By Jim Rapoza  |  Posted 2006-08-16 Print this article Print

In two-plus years its been around, Adobe Flex has undergone more than two and a half version releases, which has probably made developers who use the rich Internet platform feel as if they have been riding on a particularly unpredictable and gnarly wave. (And this doesnt even take into account Adobes acquisition in 2005 of Flex creator Macromedia.) eWEEK Labs review of the bare-boned and limited Flex 1.0 release showed that the application probably should have been a beta. The 1.5 release added stability to the platform, but it had all of the growing pains more typical of a 1.0 release. Despite these shortcomings, Flex has been attractive to developers, who appreciate its simple coding structures and data handling, its strong presentation layer and, most importantly, its tight association with the ubiquitous Flash format.
With the July release of Version 2, Flex looks like it may be finally gaining the maturity and stability it needs to become a major platform for creating powerful Web-enabled applications. However, theres a potential wipeout in store for some users: Developers hoping to leverage the new features will have to migrate their existing Flex applications to Version 2.
Platform shift Like nearly every product out today that has anything to do with building Web applications or Web services, the Flex Builder environment is now based on the Eclipse development platform. And eWEEK Labs tests show that Adobe has done a good job of integrating Flex Builder into Eclipse. Development of Flex applications is now easier than ever, and the ability to move between drag-and-drop design and pure code environments let us build each part of our applications in the best possible environment. For example, in the design view, we could drag and drop components to our application layout and quickly build the basic presentation for an application. In the coding view, all of the expected code assistants were available to help in directly editing application code, style sheet information and Flex-specific code, such as ActionScripts and Macromedia XML. Probably the biggest weakness of Flex Builder, which is priced at $499, is the fact that it runs only on Windows, which is rare among Adobe applications and especially surprising considering that Eclipse itself is cross-platform. The other main component of the Flex 2 platform is Flex Data Services, which basically replaces the Flex Presentation Server of previous Flex releases. Unlike Flex Builder, the Flex Data Services component is impressively cross-platform: It runs on Windows, Linux and Unix servers and works with most major Java application servers. Adobe bridges Flash and Flex with AJAX (Asynchronous JavaScript and XML). Click here to read more. Flex Data Services has some basic monitoring and administration tools (created in Flex) that are available from a browser. For the most part, however, Flex Data Services exists mainly to deploy and run Flex applications and add enterprise-level data integration and connectivity. Most of the new capabilities of Flex Data Services deal with better data management and integration. One interesting addition is that it is now possible to build real-time collaboration applications within Flex. Using this feature, we were able to create applications that would let users see changes live, as a colleague made them. Flex Data Services is priced starting at $20,000 per processor; a free developer version, Flex Data Services Express, is also available. Theres no doubt that the tools within Flex Builder and Flex Data Services make creating Flex applications easier and make the applications themselves more enterprise-capable, but it is possible to get started creating Flex applications without having to shell out a dime for these components. The freely available Flex SDK includes all of the compilers, debuggers and code necessary to create Flex applications, and it can now also be used to create stand-alone, serverless Flex applications. The Flex SDK for Version 2, which is available here on Adobes Web site, also includes many new components and improved themes and templates for application creation. We should note that while creating Flex applications will be familiar work for anyone used to building Web applications and Web services, there is still a decent layer of complexity for newcomers. We found the Flex Developer Center to be extremely useful for finding samples, walk-throughs and other aids for navigating the complexities of Flex development. Next page: Evaluation Shortlist: Related Products.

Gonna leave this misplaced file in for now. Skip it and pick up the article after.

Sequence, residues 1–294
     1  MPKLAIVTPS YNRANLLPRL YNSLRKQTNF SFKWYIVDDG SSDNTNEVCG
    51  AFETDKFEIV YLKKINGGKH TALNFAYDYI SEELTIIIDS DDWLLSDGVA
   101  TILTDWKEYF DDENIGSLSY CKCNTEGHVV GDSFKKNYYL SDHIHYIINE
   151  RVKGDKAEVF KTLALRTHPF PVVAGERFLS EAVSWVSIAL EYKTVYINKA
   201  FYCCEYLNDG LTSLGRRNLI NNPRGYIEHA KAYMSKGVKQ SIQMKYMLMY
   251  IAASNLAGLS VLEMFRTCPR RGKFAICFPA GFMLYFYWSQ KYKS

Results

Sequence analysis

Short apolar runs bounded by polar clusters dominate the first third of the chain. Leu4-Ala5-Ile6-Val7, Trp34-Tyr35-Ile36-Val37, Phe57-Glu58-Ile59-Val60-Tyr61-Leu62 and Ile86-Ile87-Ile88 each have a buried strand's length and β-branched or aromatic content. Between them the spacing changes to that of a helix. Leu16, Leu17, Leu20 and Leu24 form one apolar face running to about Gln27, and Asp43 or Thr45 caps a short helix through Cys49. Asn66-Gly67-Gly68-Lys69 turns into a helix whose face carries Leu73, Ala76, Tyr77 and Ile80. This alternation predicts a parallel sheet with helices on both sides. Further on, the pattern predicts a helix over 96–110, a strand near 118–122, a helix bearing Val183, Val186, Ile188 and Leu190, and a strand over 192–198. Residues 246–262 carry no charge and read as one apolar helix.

Jim Rapoza, Chief Technology Analyst, eWEEK.For nearly fifteen years, Jim Rapoza has evaluated products and technologies in almost every technology category for eWEEK. Mr RapozaÔÇÖs current technology focus is on all categories of emerging information technology though he continues to focus on core technology areas that include: content management systems, portal applications, Web publishing tools and security. Mr. Rapoza has coordinated several evaluations at enterprise organizations, including USA Today and The Prudential, to measure the capability of products and services under real-world conditions and against real-world criteria. Jim Rapoza's award-winning weekly column, Tech Directions, delves into all areas of technologies and the challenges of managing and deploying technology today.

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